Breathe. Write. Breathe. - 18 Energizing practices to spark your writing and free your voice by Lisa Tener

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Breathe. Write. Breathe.

18 Energizing Practices to Spark Your Writing & Free Your Voice

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Rekindle Your Writing Dreams

Perhaps you dream of writing a book. Or starting a blog. Or reading your poetry on your favorite radio station one day.

But today, it doesn’t feel like you’ll ever get there.

This post is for you if:

  • You’ve stopped writing altogether.
  • You write infrequently.
  • You write, but you just don’t feel inspired. Maybe you even hate what you wrote.
  • You’re not quite connecting to the original project. Something’s changed and it’s holding you back.

Revisit Your Writing Dream

Lisa journaling

When you started your book or blog or poetry or journaling, what did you dream would happen?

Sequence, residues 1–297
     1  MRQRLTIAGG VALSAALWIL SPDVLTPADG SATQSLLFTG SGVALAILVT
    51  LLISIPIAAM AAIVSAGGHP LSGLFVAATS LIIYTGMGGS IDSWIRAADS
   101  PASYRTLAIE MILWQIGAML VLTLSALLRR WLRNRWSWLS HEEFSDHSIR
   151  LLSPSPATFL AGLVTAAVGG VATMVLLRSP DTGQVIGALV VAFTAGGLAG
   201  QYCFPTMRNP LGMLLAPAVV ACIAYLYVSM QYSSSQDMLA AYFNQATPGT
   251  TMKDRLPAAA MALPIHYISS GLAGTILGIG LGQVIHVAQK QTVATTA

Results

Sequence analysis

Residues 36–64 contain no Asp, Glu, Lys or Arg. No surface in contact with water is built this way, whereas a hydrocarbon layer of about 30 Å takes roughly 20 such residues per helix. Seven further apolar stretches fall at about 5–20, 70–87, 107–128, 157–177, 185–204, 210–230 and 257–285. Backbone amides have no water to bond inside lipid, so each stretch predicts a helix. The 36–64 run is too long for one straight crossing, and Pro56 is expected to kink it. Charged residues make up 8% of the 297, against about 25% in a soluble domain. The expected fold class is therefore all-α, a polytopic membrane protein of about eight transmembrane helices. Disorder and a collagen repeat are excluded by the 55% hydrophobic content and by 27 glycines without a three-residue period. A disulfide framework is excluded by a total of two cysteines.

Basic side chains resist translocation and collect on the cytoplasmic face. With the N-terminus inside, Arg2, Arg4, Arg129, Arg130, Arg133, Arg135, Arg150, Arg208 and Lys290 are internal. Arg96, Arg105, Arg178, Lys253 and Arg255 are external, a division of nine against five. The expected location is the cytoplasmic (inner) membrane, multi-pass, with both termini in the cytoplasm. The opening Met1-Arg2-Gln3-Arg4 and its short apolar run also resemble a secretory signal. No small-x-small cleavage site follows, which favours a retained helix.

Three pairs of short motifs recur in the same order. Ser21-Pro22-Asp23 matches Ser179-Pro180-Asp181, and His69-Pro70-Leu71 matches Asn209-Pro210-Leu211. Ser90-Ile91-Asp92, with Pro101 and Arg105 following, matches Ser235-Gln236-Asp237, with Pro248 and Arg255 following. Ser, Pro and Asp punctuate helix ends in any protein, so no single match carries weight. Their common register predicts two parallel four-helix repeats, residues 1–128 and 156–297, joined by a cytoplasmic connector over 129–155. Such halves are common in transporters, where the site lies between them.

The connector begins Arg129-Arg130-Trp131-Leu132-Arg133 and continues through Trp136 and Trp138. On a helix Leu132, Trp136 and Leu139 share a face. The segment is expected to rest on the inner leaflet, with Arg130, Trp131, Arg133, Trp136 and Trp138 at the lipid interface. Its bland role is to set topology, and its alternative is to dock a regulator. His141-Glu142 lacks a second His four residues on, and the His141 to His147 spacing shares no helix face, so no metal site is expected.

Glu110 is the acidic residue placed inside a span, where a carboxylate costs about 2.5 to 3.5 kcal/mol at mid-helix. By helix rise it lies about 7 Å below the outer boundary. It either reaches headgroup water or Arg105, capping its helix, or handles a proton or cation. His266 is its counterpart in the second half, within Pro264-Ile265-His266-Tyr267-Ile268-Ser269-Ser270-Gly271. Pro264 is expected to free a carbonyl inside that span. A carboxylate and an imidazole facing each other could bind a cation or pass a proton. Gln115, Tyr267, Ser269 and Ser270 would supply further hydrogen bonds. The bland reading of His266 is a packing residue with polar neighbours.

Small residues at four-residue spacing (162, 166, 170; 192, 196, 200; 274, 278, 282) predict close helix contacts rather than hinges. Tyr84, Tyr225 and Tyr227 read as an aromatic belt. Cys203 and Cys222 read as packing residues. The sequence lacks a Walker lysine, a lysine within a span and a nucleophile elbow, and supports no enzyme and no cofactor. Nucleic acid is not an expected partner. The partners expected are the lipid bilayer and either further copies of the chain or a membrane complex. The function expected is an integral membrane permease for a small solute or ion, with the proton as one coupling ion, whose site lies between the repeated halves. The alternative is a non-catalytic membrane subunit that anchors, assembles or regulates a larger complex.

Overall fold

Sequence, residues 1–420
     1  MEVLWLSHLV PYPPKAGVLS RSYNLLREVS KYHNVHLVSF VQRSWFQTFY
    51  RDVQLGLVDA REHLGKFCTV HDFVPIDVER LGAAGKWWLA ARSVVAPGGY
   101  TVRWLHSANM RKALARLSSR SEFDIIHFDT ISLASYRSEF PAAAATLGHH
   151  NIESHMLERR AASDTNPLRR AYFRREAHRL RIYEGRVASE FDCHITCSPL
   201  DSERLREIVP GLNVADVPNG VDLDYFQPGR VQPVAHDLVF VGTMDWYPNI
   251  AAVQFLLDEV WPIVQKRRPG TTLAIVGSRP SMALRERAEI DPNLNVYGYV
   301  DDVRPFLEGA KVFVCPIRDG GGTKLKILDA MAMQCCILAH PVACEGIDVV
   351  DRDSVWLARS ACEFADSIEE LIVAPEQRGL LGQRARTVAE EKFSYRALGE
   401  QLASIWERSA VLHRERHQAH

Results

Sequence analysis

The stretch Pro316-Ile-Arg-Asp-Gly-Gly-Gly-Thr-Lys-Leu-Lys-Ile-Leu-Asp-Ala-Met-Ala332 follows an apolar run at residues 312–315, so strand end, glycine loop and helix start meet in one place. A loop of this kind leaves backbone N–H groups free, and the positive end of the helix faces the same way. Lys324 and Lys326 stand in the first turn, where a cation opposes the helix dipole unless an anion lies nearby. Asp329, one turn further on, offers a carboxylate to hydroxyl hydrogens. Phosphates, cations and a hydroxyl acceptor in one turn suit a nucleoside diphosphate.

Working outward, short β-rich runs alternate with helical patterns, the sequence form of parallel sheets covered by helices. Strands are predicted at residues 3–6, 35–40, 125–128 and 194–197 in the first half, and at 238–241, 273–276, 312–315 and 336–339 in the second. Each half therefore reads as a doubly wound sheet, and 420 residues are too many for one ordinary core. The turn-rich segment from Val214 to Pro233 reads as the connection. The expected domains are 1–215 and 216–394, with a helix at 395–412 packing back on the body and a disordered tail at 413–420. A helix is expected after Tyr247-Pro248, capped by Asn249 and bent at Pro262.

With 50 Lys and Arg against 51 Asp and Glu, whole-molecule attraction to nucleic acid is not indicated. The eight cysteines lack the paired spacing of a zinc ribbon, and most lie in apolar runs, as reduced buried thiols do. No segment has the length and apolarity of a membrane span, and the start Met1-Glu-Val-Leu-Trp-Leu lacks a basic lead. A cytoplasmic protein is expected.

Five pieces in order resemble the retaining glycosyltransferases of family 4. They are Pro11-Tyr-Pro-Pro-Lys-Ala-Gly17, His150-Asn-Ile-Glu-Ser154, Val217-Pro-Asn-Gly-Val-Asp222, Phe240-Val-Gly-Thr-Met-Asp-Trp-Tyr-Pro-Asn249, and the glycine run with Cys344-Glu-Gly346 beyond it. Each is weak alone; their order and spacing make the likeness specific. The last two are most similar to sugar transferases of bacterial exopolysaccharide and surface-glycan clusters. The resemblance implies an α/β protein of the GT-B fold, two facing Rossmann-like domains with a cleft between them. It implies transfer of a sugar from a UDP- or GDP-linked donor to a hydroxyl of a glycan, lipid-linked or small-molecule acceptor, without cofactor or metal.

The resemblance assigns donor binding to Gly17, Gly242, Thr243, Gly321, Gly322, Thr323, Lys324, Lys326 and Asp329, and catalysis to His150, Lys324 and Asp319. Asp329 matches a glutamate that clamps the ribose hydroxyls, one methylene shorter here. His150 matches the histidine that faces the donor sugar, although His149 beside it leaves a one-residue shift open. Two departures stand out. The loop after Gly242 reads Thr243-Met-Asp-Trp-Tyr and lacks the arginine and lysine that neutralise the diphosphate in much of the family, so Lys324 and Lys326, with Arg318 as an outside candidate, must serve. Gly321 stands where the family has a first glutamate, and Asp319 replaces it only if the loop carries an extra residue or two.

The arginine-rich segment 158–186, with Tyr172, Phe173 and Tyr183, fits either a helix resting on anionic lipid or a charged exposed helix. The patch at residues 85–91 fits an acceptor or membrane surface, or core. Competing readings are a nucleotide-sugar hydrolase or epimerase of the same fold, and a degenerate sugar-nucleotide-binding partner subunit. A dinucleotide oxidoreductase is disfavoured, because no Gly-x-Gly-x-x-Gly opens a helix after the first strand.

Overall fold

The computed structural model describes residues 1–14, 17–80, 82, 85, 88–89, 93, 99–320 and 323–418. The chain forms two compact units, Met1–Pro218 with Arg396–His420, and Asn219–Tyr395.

• Did you envision your writing might change you and your life in some ways? How?
  • How did you envision your writing would affect your readers (if you envisioned a public project and not just writing for yourself?
  • What impact did you hope your writing might have on your community or the world?

Consider these dreams again. Perhaps they’ve changed a bit. Maybe you no longer want to write nonfiction but you want to return to a childhood love of poetry. Or maybe your audience is shifting from a broad audience to a more niche group of readers? Maybe your personal or business goals have changed. If so, it’s time to revisit your dream and revise!

Dream Deeper

Imagine you’ve completed the writing project and published it or read it publicly.

author speaking with book
Carrie Rowan’s book Tell a New Story led to training and speaking gigs where she sings on stage!
  • Where do you share it?
  • What does it feel like to publish or share your writing?
  • What do you imagine people saying afterward about how your book or other writing affected them?
  • What new activities do you find yourself enjoying since publishing your work?

Now go even deeper, close your eyes for five minutes and daydream about it. Then try one or more of these lists:

  • List five emotions you would like to feel when you publish or share your work. You can choose from this list of emotions.